Les Muscutt 1941 -2013


Les was both my friend and mentor. Born in Barrow in Furness 30th June 1941, he moved to London in the 1960s where he played with, amongst others, Cy Laurie, the Clyde Valley Stompers ( London version) Mike Cotton and Bruce Turner. Moving to the USA he spent a lot of time playing at "Your Father's Moustache" in New York, finally ending up in New Orleans at the local franchise before moving to the "Red Garter Club" where he led the band.


Over the years he played with many of the local legends on Bourbon Street and at Preservation Hall. He played at the Palm Court Jazz Cafe in Louis Nelson's band. When Mr. Nelson died, Pud Brown took over and upon his death Les became the band leader on Saturday evenings with what became Lionel Ferbos's band.


Les, accompanied by Chris Burke, used to come to Europe and the UK in the summer and tour with local musicians. The pair of them were in the UK when Katrina struck (2005). Prior to this Les had open heart surgery which was successful in the main, but led to a loss of feeling in his left hand 3rd and 4th fingers. He took the courageous decision to retire from playing.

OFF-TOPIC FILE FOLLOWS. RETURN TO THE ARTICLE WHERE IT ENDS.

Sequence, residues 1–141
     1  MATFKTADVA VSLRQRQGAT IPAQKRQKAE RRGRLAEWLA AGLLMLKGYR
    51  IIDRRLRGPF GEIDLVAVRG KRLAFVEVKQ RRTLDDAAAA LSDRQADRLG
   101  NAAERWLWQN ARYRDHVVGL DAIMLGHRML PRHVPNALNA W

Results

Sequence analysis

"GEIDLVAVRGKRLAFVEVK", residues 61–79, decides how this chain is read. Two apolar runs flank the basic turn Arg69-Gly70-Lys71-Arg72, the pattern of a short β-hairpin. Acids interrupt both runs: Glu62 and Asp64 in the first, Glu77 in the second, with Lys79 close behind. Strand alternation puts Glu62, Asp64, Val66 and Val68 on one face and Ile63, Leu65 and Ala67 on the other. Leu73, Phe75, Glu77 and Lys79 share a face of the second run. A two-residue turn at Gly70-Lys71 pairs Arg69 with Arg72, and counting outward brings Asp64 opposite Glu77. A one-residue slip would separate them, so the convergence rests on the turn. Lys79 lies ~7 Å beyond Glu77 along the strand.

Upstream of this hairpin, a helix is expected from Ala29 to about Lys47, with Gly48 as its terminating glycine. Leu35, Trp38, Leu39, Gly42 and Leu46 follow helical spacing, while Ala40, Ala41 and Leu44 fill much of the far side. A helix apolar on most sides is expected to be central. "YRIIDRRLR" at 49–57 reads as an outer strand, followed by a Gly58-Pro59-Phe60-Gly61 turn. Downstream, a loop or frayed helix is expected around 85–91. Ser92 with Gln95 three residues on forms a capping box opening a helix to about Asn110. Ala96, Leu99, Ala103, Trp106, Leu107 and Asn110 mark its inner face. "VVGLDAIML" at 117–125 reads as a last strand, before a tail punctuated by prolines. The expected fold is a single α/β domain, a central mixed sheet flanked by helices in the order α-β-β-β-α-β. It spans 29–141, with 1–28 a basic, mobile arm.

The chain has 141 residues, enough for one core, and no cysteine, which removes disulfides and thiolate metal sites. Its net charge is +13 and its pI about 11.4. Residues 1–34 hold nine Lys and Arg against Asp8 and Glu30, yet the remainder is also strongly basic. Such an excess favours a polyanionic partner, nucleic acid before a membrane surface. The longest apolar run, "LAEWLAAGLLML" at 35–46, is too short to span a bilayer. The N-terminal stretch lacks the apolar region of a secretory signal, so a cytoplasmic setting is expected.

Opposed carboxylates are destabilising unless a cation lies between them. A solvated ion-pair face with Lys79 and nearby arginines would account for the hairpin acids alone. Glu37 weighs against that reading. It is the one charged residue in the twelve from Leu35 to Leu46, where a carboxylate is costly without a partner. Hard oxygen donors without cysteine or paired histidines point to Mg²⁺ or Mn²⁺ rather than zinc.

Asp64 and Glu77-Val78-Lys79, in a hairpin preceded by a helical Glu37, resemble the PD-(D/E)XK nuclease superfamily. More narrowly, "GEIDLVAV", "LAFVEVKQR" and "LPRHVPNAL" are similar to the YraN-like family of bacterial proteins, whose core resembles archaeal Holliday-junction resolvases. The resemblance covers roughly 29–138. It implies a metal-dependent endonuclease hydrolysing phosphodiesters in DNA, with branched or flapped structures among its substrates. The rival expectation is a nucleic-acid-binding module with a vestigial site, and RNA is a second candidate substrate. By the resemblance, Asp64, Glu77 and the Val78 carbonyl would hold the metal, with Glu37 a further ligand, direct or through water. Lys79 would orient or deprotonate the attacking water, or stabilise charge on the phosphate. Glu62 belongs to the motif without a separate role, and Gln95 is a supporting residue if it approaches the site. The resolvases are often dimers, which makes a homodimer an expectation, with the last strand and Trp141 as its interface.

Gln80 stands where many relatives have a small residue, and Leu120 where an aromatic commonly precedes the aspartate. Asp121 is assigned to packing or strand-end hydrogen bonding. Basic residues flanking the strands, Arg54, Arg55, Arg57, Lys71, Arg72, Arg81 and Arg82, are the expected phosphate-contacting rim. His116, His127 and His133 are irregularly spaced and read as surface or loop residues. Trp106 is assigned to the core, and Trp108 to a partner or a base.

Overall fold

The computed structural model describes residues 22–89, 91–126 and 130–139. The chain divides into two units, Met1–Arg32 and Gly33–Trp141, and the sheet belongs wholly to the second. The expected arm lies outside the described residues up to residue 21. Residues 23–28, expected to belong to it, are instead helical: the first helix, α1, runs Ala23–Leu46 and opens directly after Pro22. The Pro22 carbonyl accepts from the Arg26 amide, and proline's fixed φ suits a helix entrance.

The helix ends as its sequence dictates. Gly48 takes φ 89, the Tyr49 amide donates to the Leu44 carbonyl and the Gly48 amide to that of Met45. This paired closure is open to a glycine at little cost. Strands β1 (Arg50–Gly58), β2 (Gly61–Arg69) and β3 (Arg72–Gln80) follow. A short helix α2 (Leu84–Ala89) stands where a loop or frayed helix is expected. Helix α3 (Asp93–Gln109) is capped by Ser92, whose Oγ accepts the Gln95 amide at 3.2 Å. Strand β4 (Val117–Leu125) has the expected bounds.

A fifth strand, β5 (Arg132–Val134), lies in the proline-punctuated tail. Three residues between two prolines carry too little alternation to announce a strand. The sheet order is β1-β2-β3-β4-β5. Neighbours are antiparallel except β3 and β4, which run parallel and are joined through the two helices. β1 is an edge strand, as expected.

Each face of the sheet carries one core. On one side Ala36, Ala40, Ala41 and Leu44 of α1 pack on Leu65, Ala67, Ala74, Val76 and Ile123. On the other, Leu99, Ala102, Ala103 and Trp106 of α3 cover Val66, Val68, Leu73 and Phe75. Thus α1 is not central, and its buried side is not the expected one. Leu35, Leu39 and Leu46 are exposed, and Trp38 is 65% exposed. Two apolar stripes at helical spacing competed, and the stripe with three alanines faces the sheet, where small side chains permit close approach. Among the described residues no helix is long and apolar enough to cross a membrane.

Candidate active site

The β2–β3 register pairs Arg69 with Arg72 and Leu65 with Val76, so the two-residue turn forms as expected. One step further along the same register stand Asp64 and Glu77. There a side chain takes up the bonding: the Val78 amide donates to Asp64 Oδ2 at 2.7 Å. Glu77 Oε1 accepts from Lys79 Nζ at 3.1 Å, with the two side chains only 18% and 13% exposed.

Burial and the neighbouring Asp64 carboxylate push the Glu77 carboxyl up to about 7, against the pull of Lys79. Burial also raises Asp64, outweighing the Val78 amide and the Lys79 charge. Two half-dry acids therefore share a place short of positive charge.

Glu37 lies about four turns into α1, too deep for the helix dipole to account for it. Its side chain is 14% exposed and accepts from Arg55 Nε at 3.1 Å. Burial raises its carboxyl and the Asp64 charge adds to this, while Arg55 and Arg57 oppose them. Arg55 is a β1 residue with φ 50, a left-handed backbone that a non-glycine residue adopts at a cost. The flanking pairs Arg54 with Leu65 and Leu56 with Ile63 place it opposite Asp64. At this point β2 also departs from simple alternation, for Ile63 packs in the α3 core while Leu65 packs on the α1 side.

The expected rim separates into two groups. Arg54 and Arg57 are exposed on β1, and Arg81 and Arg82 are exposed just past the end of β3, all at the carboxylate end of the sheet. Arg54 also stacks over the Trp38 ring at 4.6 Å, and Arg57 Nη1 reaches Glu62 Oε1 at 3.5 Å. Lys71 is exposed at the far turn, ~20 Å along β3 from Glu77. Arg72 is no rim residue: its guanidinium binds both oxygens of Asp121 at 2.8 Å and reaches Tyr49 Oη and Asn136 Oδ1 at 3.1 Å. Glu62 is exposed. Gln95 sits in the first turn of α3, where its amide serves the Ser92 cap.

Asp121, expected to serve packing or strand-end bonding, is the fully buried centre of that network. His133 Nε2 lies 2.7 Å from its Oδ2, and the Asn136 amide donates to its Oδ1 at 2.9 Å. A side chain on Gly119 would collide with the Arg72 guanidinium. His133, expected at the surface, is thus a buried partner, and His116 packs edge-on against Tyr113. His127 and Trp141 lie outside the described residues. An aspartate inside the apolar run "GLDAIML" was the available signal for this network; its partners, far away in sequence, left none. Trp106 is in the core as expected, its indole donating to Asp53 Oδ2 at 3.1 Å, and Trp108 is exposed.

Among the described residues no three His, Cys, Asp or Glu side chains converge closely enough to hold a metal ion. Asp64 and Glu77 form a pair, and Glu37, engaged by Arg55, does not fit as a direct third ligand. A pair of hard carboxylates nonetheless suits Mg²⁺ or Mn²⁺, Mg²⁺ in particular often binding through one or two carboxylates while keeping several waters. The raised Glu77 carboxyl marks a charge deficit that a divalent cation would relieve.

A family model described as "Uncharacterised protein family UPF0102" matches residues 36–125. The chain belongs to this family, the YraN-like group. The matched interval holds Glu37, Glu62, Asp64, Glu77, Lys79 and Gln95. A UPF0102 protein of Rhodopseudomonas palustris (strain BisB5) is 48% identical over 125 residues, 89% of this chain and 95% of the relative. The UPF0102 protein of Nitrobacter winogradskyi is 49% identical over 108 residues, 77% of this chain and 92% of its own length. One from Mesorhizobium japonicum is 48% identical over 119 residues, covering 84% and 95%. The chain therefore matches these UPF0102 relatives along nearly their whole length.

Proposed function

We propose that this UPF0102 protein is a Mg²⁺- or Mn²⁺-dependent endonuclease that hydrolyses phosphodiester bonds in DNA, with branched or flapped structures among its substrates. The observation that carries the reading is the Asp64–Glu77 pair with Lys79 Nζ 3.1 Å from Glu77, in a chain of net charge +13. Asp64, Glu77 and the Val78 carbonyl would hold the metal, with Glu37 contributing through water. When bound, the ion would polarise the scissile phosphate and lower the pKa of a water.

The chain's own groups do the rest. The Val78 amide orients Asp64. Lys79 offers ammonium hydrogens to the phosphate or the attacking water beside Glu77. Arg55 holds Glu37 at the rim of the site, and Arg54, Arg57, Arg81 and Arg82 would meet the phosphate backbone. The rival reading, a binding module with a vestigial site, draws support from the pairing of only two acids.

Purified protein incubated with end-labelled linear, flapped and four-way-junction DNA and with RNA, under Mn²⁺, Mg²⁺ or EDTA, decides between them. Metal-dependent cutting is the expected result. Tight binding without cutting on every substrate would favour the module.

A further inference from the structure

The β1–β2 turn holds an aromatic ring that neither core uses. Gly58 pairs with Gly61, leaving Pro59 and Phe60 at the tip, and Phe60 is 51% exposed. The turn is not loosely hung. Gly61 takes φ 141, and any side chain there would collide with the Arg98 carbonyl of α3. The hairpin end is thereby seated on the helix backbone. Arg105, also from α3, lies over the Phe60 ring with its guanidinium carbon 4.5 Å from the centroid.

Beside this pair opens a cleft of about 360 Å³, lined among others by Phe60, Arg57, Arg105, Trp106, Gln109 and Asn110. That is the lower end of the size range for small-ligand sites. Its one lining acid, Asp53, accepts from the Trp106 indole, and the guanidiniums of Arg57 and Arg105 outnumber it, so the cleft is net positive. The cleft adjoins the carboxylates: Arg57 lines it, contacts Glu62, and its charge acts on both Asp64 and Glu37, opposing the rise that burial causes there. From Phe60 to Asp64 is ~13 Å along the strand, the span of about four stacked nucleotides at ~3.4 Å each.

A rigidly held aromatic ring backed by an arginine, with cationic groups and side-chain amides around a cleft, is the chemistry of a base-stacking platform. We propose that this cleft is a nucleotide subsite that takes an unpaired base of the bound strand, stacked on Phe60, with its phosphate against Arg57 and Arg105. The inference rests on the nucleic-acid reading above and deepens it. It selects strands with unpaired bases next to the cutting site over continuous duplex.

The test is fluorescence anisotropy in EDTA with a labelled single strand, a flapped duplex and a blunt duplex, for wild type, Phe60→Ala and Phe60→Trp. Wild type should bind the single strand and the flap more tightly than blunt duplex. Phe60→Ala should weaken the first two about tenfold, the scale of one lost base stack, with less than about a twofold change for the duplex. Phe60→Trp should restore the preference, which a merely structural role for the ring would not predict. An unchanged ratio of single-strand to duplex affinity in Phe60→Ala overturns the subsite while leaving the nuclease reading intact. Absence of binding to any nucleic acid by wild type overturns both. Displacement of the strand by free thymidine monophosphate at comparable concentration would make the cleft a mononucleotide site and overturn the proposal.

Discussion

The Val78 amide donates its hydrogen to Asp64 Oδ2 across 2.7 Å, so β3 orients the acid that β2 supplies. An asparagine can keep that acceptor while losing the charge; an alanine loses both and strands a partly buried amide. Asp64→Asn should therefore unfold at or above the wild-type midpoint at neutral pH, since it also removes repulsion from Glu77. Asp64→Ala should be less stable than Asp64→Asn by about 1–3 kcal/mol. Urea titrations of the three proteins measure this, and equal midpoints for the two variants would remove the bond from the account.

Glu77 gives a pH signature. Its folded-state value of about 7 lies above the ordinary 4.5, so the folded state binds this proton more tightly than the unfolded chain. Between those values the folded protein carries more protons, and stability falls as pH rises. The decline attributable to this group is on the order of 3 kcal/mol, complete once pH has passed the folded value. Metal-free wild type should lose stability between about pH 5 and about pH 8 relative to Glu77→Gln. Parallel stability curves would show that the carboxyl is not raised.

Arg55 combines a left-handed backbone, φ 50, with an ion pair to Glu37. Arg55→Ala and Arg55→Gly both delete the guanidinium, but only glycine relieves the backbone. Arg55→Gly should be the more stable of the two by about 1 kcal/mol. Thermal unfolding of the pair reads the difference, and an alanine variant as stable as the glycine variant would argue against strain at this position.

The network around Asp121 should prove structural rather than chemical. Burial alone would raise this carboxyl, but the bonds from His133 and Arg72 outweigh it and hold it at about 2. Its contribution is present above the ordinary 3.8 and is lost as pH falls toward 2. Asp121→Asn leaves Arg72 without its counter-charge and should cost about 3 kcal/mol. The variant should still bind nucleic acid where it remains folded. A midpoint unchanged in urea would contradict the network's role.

Over the years, during our annual visits to New Orleans, he asked me play the middle set at Palm Court on  Saturday evenings and I was privileged  to have two master classes with Les in 2007 and 2008, which ended up with my buying one of his custom Jany instruments which I play to this day.


Les was a fine musician and he will be sadly missed.

Louis Lince

06/09/13 -

Dear Fred, I just caught the sad announcement of the passing of Les, he and Babs were great friends to me especially when I was in the middle of Med School days in London 60-63 and played for my wedding reception in 66, just before leaving for New York.  He also paved the way for me to play in his place with several of the trad bands around town as his dep-replacement. He and Babs would always have a cup of tea, beans on toast for me during the intervals between exams at Queen Square in their little flat in Soho. We used to play on free week-ends at The Tatty Bogle drinking club with Eggy Ley and 'banjo George, and he greatly increased my record collection when he worked the 2nd hand department at Dobell's. I remember him as a gentle entertaining and clever guitar and banjo player, I shall phone Babs with condolences later today.

sadly - Mike Walmsley


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